(Anthony Lane’s article appeared in The New Yorker, 6/11; PHOTO: Anthony Ramos stars in Jon M. Chu’s film of the Broadway musical.Illustration by Katty Huertas.)

Jon M. Chu’s adaptation of Lin-Manuel Miranda’s Broadway musical presents an uplifting portrait of a Dominican neighborhood in New York where political strife rarely intrudes.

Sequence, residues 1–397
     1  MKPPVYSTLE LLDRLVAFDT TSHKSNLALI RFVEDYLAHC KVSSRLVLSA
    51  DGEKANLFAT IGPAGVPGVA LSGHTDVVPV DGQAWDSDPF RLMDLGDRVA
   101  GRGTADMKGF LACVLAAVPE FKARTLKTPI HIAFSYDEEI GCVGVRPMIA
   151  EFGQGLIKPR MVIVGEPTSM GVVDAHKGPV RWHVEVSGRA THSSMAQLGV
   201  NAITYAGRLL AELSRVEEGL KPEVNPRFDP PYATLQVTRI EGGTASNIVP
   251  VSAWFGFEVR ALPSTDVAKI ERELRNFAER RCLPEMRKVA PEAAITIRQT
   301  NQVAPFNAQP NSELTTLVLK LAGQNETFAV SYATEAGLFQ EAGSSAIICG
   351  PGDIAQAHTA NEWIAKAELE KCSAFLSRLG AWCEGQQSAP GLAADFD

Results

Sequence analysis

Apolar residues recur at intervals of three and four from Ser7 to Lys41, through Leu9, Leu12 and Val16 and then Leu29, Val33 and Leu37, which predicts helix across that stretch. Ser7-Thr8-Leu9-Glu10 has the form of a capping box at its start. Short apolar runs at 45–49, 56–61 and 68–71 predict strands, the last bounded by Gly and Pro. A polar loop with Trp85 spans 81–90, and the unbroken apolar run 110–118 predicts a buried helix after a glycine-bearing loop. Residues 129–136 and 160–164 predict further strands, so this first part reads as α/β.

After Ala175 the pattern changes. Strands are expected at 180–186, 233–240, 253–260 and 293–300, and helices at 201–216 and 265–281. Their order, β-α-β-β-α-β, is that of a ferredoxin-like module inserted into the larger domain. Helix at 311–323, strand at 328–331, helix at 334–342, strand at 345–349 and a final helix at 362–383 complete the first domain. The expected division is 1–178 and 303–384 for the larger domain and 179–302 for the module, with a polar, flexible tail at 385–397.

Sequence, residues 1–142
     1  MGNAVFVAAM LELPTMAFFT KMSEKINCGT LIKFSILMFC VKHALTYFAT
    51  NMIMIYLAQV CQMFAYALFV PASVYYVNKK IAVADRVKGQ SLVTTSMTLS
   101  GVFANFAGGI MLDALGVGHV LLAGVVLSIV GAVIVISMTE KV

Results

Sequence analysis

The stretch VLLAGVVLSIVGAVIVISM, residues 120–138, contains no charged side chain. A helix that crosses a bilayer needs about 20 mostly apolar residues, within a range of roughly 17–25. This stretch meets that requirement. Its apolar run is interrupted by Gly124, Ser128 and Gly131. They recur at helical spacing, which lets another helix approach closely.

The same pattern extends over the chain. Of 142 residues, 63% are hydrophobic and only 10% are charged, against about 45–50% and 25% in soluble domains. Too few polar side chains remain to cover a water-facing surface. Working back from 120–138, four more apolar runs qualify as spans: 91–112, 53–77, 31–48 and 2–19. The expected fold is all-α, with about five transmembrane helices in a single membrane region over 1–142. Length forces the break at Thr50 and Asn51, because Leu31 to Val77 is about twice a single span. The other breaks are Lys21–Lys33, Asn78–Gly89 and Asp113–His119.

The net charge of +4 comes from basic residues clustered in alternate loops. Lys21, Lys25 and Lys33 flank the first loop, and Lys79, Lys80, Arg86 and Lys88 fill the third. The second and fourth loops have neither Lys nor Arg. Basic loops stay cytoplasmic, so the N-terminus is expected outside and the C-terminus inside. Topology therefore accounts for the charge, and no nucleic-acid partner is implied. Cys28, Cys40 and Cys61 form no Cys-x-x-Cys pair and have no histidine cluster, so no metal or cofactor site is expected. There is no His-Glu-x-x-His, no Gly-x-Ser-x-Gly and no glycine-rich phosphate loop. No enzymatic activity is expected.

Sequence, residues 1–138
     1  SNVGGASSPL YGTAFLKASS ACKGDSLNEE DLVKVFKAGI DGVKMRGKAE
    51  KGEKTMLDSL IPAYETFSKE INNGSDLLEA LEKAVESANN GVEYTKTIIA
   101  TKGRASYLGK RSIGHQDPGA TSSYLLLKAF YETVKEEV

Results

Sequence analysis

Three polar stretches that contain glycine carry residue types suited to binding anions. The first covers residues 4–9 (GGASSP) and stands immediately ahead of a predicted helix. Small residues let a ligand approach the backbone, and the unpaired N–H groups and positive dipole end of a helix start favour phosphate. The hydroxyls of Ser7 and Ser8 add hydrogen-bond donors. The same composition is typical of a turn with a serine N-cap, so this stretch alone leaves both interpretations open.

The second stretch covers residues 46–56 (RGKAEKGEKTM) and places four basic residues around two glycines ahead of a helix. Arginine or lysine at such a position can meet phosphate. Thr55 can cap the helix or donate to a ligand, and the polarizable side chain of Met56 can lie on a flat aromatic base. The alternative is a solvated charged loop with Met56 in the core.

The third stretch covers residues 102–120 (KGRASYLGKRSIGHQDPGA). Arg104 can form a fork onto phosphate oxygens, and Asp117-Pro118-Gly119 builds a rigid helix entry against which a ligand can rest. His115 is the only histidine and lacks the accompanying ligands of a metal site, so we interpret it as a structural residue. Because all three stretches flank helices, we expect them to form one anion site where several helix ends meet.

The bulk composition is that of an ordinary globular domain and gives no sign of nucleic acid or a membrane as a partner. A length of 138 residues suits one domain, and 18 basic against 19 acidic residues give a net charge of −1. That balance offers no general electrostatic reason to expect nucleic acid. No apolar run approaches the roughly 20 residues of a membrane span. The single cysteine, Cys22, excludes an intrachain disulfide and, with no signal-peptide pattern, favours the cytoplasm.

Morning in America, not yet six o’clock, and a couple of working stiffs, in the bright early glare of New York, are finding it hard to make a start. One of them is a crane operator, down at the docks, beside a U.S. Navy vessel. “I feel like I’m not out of bed yet,” he says—or sings, in a baritone as slow as a bear. Way uptown, close to the 181st Street subway stop, someone else has the same problem. “Lights up on Washington Heights, up at the break of day, I wake up, and I got this little punk I gotta chase away,” he says—or raps, in a voice as crisp as an apple. The first man, who is unnamed, initiates “On the Town” (1949), and the second is Usnavi (Anthony Ramos), the likable hero of “In the Heights.” Two guys, two movies, seventy-two years apart, both springing from stage musicals. Oh, and Usnavi is so called because his father, arriving from the Dominican Republic, saw a ship marked “U.S. Navy.” How much is truly new, under the sun?

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